Open ALS Clinical Trials

Our program offers patients two types of clinical trials: ones that explore new ways to treat ALS, and ones that aim to learn more about the disease. Both types of studies are equally important to our mission to ultimately uncover pathways to prevent ALS in the first place.

Dr. Maragakis speaking with a patient

Therapeutic studies for ALS

Bringing treatment to ALS patients is the main mission of this program’s efforts. Our goal is to enroll all potential ALS patients into clinical trials that could help slow, halt, and eventually improve ALS. These therapies can take the form of traditional medications taken in pill form or by injection, but have also included gene therapy studies and the study of medical devices.


A Phase 2b/3, Multi-Center, Randomized, Double-Blind, Placebo-Controlled, 12 Month Clinical Trial to Evaluate the Efficacy and Safety of MN-166 (Ibudilast) followed by an Open-Label Extension Phase in Subjects with Amyotrophic Lateral Sclerosis

Status: Active, Enrolling
Route of Administration: Oral
Length of Study: ~13 Months + ~6 Months Optional Open Label Extension
Principal Investigator: Nicholas J. Maragakis, M.D.
Contact: Betsy Mosmiller ([email protected])
More information on NCT04057898

Ibudilast is being investigated as a potential new therapy to slow the progression of ALS. Ibudilast is thought to have neuroprotective effects by working against nervous system inflammation. Ibudilast is a capsule, taken orally with a 1:1 ratio of study drug to placebo. This study has a 12-month double-blind phase, followed by a 6-month open label extension period. Patients who enroll in this study must also be taking the approved ALS drug Riluzole (Rilutek®). Patients already taking the approved ALS drug Edaravone/Radicava® are eligible for this study.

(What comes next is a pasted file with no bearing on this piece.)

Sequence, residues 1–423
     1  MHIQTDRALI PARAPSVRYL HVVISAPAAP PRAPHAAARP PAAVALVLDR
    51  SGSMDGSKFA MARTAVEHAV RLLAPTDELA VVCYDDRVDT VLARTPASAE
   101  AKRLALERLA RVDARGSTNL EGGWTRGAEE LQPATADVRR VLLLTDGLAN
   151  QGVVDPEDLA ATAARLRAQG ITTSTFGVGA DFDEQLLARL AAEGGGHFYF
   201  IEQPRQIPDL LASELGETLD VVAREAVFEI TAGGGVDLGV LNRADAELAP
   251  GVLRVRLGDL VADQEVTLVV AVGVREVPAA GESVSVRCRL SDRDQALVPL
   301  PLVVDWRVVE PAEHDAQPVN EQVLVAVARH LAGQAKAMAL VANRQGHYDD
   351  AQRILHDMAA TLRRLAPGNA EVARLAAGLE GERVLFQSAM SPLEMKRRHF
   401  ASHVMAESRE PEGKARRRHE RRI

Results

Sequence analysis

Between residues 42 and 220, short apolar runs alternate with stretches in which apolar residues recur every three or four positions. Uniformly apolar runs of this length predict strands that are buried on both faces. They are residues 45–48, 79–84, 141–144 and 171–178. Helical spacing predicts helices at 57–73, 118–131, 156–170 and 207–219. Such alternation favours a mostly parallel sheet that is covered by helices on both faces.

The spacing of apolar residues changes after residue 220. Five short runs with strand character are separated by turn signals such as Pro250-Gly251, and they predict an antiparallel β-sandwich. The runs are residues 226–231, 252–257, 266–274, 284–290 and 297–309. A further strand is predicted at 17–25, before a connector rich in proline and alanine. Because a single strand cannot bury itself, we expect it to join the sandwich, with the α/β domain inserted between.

Ibudilast (developed by MediciNova) acts as a nonselective phosphodiesterase inhibitor and has been used as an anti-asthmatic medication, as it reduces release of leukotrienes, cytokines and other molecules involved in bronchospasm. It also modulates survival and activation of immune cells in the CNS by preventing the production of pro-inflammatory agents from microglia. It also modulates release of migration inhibitory factor (MIF).


Brain-Computer Interface (BCI) Implant for Severe Communication Disability

Status: Active, Enrolling
Route of Administration: Implanted Device
Length of Study: ~6 months
Principal Investigator: Nathan Crone, M.D.
Contact: 410-955-6772 or [email protected]
More information on NCT03567213

A BCI allows individuals to operate a computer with their mind alone. Small electrodes on the surface of the brain carry signals to the computer, letting patients more easily communicate with family and friends.

For patients with significant motor impairment, a BCI system can potentially provide greater independence and quality of life. The study involves surgical implantation of electrodes on the surface of the sensory motor cortex involved in speech and upper limbs.

After surgery, participants will learn how to operate the BCI by traveling to the study site three times a week.


A Phase 3 Randomized, Placebo-Controlled Trial With a Longitudinal Natural History Run-In and Open-Label Extension to Evaluate BIIB067 Initiated in Clinically Pre-symptomatic Adults With a Confirmed Superoxide Dismutase 1 Mutation

Status: Active, Enrolling
Route of Administration: Intrathecal (Lumbar Puncture)
Length of Study: Up to 2 years (Varies with Regime)
Principal Investigator: Nicholas J. Maragakis, M.D.
Contact: Betsy Mosmiller ([email protected])
More information on NCT04856982